Grace's Guide To British Industrial History

Registered UK Charity (No. 115342)

Grace's Guide is the leading source of historical information on industry and manufacturing in Britain. This web publication contains 150,697 pages of information and 235,204 images on early companies, their products and the people who designed and built them.

Grace's Guide is the leading source of historical information on industry and manufacturing in Britain. This web publication contains 147,919 pages of information and 233,587 images on early companies, their products and the people who designed and built them.

Evans and Crossley

From Graces Guide

of Royton, Oldham

John Evans, Edward Evans and William Crossley.

1840 'ACCIDENTS ..... — On Wednesday, a workman, named John Wright, whilst employed in Messrs. Evans and Crossley's iron foundry, Royton, was dreadfully injured, some liquid metal having casually fallen on his legs, from the breaking down of a bar which held the vessel containing the metal; the poor man is in a precarious state.
FIRE.— On Sunday morning, fire broke out Messrs. Evans and Crossley's extensive iron foundry, Royton, by the ignition of some pieces of oily waste ; the flames effected some trifling damage, but were suppressed in the course of an hour a half subsequent to their first discovery.'[1]

1840 'Accident at Royton.— A young man, named John Stott, was shockingly injured on Monday last, by the accidental fall of a crane, in the iron foundry of Messrs. Evans and Crossley, Royton.'[2]

1840 Dissolution of the partnership between John Evans and Edward Evans, along with William Crossley, in the trade or business of Iron and Brass Founders, and Engine Manufacturers, at Royton, in the county of Lancaster, under th efirm of John Evans, Edward Evans, and William Crossley, so far as concerns the said William Crossley.[3]

1841 Partnership dissolved: J. and E. Evans and W. Crossley, Royton, Lancashire, ironfounders ; as far as regards W. Crossley.[4]

1842 'Important Sale of the Modern Tools and Stock of an Iron Foundry and Steam Engine Manufactory.
By T. M. FISHER, on Wednesday, Thursday, and Friday, the 6th, 7th, and 8th days of July, 1842, on the premises belonging to Messrs. John and Edward Evans, situate at Royton, on the road between Oldham and Rochdale: to be sold without the least reserve, in consequence of their declining the business; sale to commence each day punctually at eleven o'clock in the forenoon-
THE Valuable Modern TOOLS, which are all by the best makers, and in capital working condition, including power planing machine, bed 20 feet long, 3 feet 6 inches wide, 5 feet high, and ditto, bed 3 feet 4 inches long, 1 foot 4 inches wide, both self-acting in the horizontal cuts; 26-inch double geared slide-lathe, bed 18 feet long, 2 feet 1 inch wide, 24 inch double geared ditto, bed 18 feet long, ..... slotting machine, will take wheels 5 feet diameter, and cut 8 inches deep; upright boring machine of size and power sufficient for the largest cylinder; capital upright drilling machine, fitted with carriage bed 31 feet long, for boring engine beams and other heavy work; double geared upright drilling machine, by Smith, Beacock, and Tannett, of Leeds; wheel cutting engine, Joy : bench planing machine; ...... several complete sets of patterns for steam engines. [5]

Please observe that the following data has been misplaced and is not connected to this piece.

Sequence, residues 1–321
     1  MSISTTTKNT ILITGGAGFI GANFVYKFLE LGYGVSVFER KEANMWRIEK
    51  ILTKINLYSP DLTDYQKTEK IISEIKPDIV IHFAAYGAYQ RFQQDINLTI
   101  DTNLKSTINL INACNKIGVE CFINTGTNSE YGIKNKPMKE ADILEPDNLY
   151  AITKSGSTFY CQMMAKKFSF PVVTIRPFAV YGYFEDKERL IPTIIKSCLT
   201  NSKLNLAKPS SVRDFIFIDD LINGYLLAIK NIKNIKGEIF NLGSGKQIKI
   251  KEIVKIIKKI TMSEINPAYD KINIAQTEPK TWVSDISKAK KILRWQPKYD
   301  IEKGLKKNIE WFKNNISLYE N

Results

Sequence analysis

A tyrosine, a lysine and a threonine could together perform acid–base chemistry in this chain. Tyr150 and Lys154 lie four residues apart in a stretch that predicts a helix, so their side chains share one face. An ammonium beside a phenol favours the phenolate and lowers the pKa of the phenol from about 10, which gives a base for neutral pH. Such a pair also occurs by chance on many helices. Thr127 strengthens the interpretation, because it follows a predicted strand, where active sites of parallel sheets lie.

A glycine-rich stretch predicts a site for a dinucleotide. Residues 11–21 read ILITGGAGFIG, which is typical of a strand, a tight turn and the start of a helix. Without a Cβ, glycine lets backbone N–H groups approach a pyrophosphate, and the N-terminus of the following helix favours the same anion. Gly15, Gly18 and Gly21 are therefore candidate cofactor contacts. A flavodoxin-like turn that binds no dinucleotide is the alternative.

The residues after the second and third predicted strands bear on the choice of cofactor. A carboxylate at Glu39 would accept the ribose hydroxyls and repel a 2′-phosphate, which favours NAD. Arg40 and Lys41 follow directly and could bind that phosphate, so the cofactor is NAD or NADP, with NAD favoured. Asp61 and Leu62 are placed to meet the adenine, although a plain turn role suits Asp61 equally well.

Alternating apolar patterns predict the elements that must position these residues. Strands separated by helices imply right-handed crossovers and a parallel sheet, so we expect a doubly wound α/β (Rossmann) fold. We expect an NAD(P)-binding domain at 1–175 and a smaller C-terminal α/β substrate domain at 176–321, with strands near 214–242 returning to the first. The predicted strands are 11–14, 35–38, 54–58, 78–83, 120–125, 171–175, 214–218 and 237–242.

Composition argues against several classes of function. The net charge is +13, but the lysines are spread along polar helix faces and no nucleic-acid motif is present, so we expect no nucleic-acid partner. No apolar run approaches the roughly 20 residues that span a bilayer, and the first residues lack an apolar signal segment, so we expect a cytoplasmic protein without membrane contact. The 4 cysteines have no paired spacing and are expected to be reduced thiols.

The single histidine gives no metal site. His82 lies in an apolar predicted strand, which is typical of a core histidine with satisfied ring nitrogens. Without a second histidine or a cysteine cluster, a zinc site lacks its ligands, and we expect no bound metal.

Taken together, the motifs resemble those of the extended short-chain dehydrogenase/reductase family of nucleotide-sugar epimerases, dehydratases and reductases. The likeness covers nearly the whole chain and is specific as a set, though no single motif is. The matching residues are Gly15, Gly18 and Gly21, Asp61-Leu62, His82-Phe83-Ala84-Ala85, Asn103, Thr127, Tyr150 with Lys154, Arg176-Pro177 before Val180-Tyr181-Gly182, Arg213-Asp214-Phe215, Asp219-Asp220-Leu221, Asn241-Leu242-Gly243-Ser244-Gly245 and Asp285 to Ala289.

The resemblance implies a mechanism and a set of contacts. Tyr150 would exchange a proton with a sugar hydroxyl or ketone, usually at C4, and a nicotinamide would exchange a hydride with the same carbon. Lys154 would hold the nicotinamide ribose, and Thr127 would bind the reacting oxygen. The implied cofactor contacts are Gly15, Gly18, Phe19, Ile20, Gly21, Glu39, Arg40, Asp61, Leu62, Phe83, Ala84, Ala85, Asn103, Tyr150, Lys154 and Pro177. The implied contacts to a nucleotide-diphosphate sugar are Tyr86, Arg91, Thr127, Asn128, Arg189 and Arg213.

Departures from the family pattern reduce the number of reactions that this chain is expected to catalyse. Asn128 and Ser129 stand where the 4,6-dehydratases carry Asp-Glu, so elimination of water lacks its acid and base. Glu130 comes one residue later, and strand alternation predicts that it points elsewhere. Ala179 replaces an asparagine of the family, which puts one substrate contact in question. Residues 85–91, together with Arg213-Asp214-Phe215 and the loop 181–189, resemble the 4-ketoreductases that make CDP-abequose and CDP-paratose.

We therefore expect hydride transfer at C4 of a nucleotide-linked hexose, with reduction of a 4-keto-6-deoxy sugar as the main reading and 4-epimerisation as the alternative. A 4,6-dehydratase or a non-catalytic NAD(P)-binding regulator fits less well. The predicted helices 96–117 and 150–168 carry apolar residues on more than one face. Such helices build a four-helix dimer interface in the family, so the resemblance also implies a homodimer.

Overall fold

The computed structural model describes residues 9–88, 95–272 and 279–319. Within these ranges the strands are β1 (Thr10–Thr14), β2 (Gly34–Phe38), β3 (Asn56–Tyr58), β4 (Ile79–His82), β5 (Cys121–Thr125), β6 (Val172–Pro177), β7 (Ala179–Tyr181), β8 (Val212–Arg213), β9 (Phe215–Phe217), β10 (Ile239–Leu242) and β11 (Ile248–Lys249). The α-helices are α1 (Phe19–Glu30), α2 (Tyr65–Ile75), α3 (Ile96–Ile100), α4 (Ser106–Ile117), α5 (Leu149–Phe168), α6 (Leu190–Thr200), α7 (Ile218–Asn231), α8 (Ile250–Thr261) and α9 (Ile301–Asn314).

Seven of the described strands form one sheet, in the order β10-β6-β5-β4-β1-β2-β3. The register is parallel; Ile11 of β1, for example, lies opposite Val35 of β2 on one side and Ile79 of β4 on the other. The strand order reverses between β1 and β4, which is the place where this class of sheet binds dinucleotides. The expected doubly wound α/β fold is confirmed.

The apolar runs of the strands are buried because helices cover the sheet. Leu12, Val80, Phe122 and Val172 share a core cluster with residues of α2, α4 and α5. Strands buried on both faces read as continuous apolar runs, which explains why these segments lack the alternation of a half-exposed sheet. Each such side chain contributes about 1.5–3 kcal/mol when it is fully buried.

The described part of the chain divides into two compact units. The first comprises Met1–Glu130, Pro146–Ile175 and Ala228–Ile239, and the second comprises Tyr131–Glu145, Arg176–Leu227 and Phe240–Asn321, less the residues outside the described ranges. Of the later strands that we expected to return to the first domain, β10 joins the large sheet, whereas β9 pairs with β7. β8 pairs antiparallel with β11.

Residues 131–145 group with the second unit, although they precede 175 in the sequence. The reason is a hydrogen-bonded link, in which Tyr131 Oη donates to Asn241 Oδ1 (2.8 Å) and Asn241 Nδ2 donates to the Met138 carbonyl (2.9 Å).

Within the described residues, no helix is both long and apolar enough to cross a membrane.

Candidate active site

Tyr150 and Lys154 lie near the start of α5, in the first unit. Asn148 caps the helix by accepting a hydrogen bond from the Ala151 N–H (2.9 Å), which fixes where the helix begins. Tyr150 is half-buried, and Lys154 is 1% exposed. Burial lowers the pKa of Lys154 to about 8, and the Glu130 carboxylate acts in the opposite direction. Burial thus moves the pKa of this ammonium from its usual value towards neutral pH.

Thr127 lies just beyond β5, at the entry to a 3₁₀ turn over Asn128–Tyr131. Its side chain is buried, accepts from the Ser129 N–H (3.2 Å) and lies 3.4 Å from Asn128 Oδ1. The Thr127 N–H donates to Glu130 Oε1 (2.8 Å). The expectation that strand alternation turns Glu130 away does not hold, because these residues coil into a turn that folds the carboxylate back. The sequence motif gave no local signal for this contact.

1843 [This entry to be moved to the appropriate place, as the event was subsequent to the dissolution of partnership]:-
FINING FOR THE TRUCK SYSTEM.-At the petty sessions, on Thursday last, Mr. William Crossley, iron founder and master millwrighit, of Oldham and Royton, was charged with having paid the wages of James Crossley, one of his late workmen, in goods instead of money. Messrs. Halsall and Ascroft, solicitors, were engaged in the case, the former for the complainant, and the latter for the defendant. A receipt in the complainant's hand- writing was produced, in which he acknowledged a payment of £3 0s. 10 1/2d. in goods received as wages. It appeared that Crossley's shop was at Royton, and that the complainant lived in Oldham, and worked at defendant's foundry in Oldham, and was obliged to go to Royton for provisions. The defendant was convicted in a penalty of £5 and costs. One-half of the fine goes to the informer, the other half to the county.'[6]

See Also


Sources of Information

  1. Manchester Courier and Lancashire General Advertiser - Saturday 4 April 1840
  2. Manchester Courier and Lancashire General Advertiser, 5 December 1840
  3. The London Gazette 8 January 1841
  4. Liverpool Standard and General Commercial Advertiser - Tuesday 12 January 1841
  5. Manchester Courier and Lancashire General Advertiser, 4 June 1842
  6. Manchester Times - Saturday 17 June 1843